Over the past year or so there has been a significant trend of full albums showing up on YouTube. There is invariably no video content – just a still of the artist and the music.
The interesting part is that there are now many classic albums on YouTube a good chunk of which aren’t available on Spotify or other streaming services. So for example if you fancy a bit of Pink Floyd you can hear Dark Side Of The Moon on YouTube from one of many different sources. You won’t find it on Spotify though.
Uploading someone else’s music to YouTube is of course totally illegal (as it is with music videos). However it seems that under YouTube regulations the emphasis is on the copyright holder to take action to pull the music down. And it seems that some record labels (coughs, EMI) are turning a bit of a blind eye.
They may even be on some occasions using YouTube’s ContentID system and its revenue opportunities to enable them to collect a little cash from the adverts that precede the music.
Some companies are playing even stranger games. You can for example listen to Oasis’s The Masterplan on YouTube on your laptop, but it won’t play back on your mobile or iPad.
So why do record companies do this? Maybe they figure that if you are listening to an album on YouTube you may at some point think I’ll go and buy it.
As for newer artists, well YouTube is a huge community and it can help to break an artist. There is a bit of analogy with radio here. Record labels are very keen to get their band’s singles on say BBC 6 Music, but there is a way bigger audience on YouTube.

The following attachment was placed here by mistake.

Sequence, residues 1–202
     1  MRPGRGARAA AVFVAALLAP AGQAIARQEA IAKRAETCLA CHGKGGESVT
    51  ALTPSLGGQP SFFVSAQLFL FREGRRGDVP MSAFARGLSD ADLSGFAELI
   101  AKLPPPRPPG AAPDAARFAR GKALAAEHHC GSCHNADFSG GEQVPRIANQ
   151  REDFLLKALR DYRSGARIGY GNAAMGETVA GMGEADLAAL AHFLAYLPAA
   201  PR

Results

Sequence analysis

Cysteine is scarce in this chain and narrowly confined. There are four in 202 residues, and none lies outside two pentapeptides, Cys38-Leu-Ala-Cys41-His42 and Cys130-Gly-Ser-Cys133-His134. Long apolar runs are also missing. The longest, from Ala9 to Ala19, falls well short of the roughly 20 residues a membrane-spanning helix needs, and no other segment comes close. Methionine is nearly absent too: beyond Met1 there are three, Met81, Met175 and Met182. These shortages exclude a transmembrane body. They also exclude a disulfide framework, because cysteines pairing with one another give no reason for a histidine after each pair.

With Spotify subscribers can take music offline and listen to it on their smartphones etc with YouTube if you want the music to travel with you then you run the risk of running up huge data costs. So you might as well go and buy it.
Some companies are more aggressive than others at taking content down. I was delighted to see The Velvet Underground’s controversial final album Squeeze on YouTube as it is not available digitally anywhere and the record itself is hard to find. However it got taken down after a while. I guess because the only people who might have bought that album would have been trawling used record stores for it and the record company wouldn’t make any money from it.
Anyhow here are ten classic albums that are all available on YouTube, and the last time I looked were not on Spotify. Happy listening. I wonder if they will all be still up in three months time?
Finally one quick footnote. I listened to John Lennon’s Imagine album on YouTube and 1, It really is a great album, much better than I remember it. 2, It is like listening to a vinyl record. There’s no easy fast forwarding or skipping tracks and you know what, I kind of like it.
1 Pink Floyd – Dark Side Of the Moon
2 The Beatles – Sergeant Pepper’s Lonely Heart’s Club Band
3 Led Zeppelin – Physical Graffiti
4 AC/DC Highway to Hell
5 Peter Gabriel 3
6 Oasis – The Masterplan
7 Eagles – Best of
8 Wings – Back To the Egg
9 John Lennon, Plastic Ono Band
10 The Zombies – Odyssey and Oracle
By Ashley | February 7th, 2013